Housing demand has pushed Provo to create a housing committee in hopes of building affordable housing.
According to the United States Census Bureau, 40.7 percent of homes in Utah are occupied by the owner and 39.2 percent of homeowners are living in the same house as the previous year. Additionally, 71.1 percent of homeowners fall between the ages of 18-65.
“We have heard that some people believe that Provo City is turning down development projects for higher density housing. This is simply not true. The City Council has not turned down any higher density projects in the past three years,” the Provo City Council said in a statement.
The new housing committee is educated on issues relating to affordable housing. It has brought in experts to discuss ways to increase affordable housing options and create legislation to assist developers in increasing housing options in the city.
Silicon Slopes and the fast-growing nearby cities have also influenced the housing market in Provo. While BYU students contribute about 25 percent of the population in Provo, there are many other variables which affect Provo’s unique situation.
“The overall housing shortage isn’t something we can resolve overnight,” the Provo City Council wrote on its blog. “However, we are confident that we are making strides in the right direction.”
Over 1,500 new housing units in Provo have been approved or are currently in the process of receiving approval by Provo in the past three years. Of these projects, the Pacific Heights project created 71 units for female BYU students since 2016.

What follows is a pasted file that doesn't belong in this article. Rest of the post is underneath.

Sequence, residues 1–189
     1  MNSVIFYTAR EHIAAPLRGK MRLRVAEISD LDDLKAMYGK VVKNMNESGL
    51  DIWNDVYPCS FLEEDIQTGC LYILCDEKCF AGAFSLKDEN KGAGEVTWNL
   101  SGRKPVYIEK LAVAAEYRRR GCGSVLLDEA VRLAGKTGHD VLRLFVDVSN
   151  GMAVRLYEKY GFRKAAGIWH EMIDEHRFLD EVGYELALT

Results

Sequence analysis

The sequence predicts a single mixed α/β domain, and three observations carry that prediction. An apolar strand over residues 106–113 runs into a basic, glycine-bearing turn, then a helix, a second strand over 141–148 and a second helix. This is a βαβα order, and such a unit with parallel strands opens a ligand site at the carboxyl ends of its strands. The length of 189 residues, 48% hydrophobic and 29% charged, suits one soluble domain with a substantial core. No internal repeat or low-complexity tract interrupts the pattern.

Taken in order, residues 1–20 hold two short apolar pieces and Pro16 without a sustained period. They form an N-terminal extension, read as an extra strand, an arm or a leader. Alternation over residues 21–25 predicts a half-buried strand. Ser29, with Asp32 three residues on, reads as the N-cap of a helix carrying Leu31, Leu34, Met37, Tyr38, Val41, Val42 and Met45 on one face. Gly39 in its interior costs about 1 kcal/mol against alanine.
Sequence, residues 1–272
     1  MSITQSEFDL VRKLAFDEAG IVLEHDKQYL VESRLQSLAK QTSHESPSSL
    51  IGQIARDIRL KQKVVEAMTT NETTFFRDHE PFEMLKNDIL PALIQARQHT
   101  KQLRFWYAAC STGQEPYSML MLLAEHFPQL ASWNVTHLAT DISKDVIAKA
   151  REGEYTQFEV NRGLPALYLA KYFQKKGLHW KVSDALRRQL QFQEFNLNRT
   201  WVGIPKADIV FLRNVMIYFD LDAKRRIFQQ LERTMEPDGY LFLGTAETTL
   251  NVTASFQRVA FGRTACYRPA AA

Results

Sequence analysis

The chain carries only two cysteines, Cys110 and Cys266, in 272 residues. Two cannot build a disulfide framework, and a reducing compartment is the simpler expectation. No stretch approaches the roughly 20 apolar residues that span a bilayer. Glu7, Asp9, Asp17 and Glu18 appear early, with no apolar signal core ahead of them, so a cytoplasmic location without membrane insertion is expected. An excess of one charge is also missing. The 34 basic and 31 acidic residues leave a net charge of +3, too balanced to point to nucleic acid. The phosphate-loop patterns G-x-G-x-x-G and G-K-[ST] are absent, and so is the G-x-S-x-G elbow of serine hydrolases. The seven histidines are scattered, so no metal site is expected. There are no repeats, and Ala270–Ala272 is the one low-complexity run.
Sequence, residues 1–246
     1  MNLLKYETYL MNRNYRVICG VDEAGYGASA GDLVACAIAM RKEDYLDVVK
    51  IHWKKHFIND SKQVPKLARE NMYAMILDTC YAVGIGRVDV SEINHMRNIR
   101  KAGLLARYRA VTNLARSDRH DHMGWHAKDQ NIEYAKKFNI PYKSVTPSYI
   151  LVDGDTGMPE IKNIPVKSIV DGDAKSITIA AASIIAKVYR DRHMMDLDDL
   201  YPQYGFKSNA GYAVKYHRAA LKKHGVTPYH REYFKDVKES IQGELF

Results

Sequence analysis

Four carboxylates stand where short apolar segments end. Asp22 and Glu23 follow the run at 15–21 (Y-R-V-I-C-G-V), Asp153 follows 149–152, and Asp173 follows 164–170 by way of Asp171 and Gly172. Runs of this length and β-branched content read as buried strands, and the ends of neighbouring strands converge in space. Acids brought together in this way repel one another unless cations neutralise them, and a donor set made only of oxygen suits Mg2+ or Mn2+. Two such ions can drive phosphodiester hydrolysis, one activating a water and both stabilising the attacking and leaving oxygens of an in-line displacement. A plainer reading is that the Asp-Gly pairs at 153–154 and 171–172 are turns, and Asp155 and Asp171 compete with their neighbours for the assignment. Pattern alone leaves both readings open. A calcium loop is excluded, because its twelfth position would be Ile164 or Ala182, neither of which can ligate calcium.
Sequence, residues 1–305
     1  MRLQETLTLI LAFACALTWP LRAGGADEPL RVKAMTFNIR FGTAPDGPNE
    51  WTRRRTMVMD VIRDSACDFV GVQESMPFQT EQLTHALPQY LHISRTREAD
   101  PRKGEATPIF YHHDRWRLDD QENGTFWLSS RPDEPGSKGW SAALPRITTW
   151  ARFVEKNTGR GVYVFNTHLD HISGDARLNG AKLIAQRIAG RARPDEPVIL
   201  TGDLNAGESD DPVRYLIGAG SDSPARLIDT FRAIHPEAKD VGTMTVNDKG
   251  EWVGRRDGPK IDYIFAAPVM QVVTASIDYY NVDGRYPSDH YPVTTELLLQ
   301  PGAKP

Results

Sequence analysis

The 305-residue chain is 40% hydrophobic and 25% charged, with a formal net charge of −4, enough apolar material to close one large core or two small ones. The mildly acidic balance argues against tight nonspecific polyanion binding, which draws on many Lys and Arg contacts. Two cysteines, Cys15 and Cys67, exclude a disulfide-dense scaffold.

According to BYU off-campus housing reports, there were 1,540 single, off-campus waivers approved for Winter 2018.
“Students have to choose a place to live between January and February for the fall semester. If you wait until August or September, your chances will be slim,” said Garry Briggs, the off-campus housing general manager.
The city council’s statement has sparked some excitement among Provo residents struggling to find affordable housing.
“Finding housing for my family is so hard in Provo. You just have to always be looking on Facebook and be quick to message,” said Nick Jones, a married student at BYU.
According to the Utah County Housing Authority, there are roughly 40,000 displaced families in Utah. Some BYU students are among those who cannot find housing. While the city development targets various future residents, it will bring some change to the student off-campus housing options.
According to BYU housing contract coordinator Sharylann Smith, there are still over 400 families on the on-campus housing waitlist for Fall 2018. With the semester quickly approaching, these families have to wait for an available contract on the “Available Apartments page,” or add their housing request to the Family Housing Waiting List.
Redstone Residential Leasing Manager Kaylin Steed said there needs to be more housing in Provo because of the high demand.
“I feel like you often have to know someone to get married housing,” Steed said.